If there is one list that Poppema attaches value to, it’s the Shanghai ranking, precisely because the Shanghai list relies heavily on research citations, authors that are cited often, and publications in Nature and Science. And that is good for the RUG, because in those areas, they are doing well. Having a Nobel prize or Fields medal (for mathematics) winner among your alumni or staff also counts heavily. Although it has been 100 years since Frits Zernike worked at the RUG and 60 years since his Nobel prize, that prize still counts for the Shanghai ranking. ‘Although it decreases by 10 per cent every ten years’, Van Rooij calculates.
Poppema thinks it is realistic that the RUG will go up in this ranking. It is the effect of a real increase in citations, good publications, and internationals. But the RUG is also confronted with its own limits, because it’s not so simple to beat schools like MIT, Harvard, or Cambridge.
However, growth is still possible, according to Poppema. He even believes we could make it to the top 50 if the RUG delivers either a Nobel prize winner – a feat he does not consider impossible – or substantially increases its publications. This can be achieved through the expansion of the RUG to Yantai. Because in Groningen, the RUG has reached its maximum potential. ‘The people here already work so hard. They really can’t work any harder.’
He is quick to add that the RUG is not expanding to Yantai because of the rankings. The RUG wants to expand to bring about necessary growth. Any upward movement in the rankings is a welcome incidental benefit.
But then there are those other two international rankings: the Times Higher Education (THE) and Quacquarelli Symonds (QS). Poppema wants nothing to do with those.
Both THE and QS rely heavily on reputation, while the data are collected through surveys. ‘QS questions random people’, says Van Rooij. ‘[They approach] basically anybody who has university e-mail address.’ In many cases, it is not even clear if the person is an active academic. For example, Van Rooij himself is always sent the survey. In previous years, THE used the database provided by publisher Thomson Reuters. This meant that the people surveyed were at least active peer reviewers or publishing academics. But it begs the question whether a biologist in Alaska has anything useful to say about the level of education at a university in Japan.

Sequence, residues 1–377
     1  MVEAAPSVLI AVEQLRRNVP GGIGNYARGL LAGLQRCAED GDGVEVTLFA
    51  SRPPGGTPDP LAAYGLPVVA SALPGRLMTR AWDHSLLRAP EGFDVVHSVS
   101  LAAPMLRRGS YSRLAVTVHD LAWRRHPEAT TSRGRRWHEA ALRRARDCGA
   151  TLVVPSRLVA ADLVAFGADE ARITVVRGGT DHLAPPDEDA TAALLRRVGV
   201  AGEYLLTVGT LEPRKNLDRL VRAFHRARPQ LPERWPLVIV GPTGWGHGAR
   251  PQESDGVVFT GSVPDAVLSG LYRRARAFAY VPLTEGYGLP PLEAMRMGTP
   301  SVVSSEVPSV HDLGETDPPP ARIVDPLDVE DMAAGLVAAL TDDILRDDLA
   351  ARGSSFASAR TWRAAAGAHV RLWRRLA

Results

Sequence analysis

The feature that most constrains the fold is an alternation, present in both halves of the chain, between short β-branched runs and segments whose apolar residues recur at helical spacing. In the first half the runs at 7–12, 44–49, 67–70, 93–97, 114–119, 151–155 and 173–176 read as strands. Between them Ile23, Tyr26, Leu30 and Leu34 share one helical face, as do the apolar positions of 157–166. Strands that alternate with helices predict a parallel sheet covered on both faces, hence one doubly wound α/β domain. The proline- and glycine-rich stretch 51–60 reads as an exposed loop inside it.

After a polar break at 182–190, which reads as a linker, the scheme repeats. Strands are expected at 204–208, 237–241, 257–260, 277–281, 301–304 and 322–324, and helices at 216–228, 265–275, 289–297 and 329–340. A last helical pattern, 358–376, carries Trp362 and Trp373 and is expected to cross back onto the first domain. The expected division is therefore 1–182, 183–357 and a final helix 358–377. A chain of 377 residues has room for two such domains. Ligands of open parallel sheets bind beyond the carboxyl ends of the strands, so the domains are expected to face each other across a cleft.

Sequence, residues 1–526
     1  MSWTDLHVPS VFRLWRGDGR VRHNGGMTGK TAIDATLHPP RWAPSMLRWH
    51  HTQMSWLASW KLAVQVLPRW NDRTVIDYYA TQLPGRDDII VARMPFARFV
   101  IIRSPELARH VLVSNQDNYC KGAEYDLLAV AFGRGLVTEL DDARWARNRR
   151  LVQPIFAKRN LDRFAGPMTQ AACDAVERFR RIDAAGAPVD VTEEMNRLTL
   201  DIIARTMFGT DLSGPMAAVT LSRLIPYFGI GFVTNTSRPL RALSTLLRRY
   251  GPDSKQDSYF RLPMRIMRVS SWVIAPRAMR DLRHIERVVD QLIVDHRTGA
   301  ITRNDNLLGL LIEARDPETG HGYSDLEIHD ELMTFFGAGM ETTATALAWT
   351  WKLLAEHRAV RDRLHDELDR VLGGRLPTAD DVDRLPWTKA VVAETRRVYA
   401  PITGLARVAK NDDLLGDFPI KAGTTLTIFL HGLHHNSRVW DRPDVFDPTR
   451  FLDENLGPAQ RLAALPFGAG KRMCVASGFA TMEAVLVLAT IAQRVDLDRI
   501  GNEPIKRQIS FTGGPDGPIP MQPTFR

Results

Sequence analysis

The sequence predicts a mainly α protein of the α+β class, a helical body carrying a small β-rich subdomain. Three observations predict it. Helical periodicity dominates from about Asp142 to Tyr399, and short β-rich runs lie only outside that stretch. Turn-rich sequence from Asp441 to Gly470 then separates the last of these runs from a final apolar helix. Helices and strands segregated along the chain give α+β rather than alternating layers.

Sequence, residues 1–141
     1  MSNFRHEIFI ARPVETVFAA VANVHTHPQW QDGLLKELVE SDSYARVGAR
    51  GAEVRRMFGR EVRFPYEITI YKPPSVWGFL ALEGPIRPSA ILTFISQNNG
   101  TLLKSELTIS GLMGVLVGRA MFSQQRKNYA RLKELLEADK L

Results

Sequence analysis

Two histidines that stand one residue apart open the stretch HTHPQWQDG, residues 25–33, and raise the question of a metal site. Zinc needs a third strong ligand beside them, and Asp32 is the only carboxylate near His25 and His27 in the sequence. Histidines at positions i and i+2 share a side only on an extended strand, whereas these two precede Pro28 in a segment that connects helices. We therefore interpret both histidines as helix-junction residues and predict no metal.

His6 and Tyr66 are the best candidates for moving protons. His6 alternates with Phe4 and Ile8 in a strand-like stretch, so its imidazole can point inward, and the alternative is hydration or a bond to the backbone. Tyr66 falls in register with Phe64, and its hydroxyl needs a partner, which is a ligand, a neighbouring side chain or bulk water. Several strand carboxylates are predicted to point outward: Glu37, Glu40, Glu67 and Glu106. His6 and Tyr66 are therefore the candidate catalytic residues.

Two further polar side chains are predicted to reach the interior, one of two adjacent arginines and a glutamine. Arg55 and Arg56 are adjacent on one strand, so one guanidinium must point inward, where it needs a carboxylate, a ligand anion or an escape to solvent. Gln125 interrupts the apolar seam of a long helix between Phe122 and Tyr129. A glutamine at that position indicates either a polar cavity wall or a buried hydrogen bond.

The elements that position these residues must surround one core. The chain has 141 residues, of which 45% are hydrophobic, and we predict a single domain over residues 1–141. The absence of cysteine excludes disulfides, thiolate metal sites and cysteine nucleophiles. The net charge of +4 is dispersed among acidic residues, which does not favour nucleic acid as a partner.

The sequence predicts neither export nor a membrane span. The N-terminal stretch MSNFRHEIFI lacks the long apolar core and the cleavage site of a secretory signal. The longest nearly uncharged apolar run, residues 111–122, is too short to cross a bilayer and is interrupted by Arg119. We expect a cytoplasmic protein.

‘And even when it does concern their own expertise, the question remains how reliable the information is’, Van Rooij says. ‘They ask you to name the 30 best universities in your field. You can come up with the first five from your network. But after that? There’s a good chance you’ll just consult the top 50 or check those universities that you once heard of.’ This means that a top 100 university has a larger chance to stay in that top 100 simply based on brand awareness alone.
What may even be worse than the faltering methodology is the world behind both these rankers. Both QS and THE are multimillion-dollar companies that are mainly concerned with making money. QS can be sure that their ranking will be clicked on approximately 100 million times by prospective students, which means that universities will eagerly advertise on their website.
In addition, QS generates income by ‘helping’ universities with their data, for instance by analysing and calculating the data or by sending out an advisor. ‘And that is a service you pay for’, Poppema says. How much? He does not know exactly, because the RUG has never retained this service. But it is in the tens of thousands of euros.
Changes in methodology
Finally, QS and THE will do anything to draw attention to their ranking. This includes frequent changes to their methodology, which cause considerable shifts in the ranking. After all, that gets media attention, which in turn will ensure more traffic on their websites. For instance, the RUG was in 134th place in the THE ranking in 2012, in 89th place a year later, and in 2015 they were 117th. ‘They have no problem admitting that they are not interested in stability. They don’t want the universities to specifically adapt their policies to this’, says Poppema, who had a seat on the advisory board for THE for several years.